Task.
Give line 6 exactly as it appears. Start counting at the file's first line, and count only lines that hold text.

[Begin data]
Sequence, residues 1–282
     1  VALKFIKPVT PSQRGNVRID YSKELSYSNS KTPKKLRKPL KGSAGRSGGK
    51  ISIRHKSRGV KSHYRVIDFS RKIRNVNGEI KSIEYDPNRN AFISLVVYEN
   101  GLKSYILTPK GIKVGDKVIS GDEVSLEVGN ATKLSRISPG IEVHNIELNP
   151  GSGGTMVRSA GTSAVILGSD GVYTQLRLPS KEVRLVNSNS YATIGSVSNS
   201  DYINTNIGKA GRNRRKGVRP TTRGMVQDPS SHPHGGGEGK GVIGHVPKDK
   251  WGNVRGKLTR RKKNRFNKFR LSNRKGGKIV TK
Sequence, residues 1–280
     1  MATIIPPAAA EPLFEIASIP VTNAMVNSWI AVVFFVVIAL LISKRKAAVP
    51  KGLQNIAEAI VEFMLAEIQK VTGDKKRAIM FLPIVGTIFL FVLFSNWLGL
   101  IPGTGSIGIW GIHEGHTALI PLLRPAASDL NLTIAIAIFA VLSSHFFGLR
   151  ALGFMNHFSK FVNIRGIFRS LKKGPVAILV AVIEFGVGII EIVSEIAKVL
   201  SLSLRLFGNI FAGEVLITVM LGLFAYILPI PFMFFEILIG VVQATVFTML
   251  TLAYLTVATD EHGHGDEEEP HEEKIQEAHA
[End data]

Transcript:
   201  DYINTNIGKA GRNRRKGVRP TTRGMVQDPS SHPHGGGEGK GVIGHVPKDK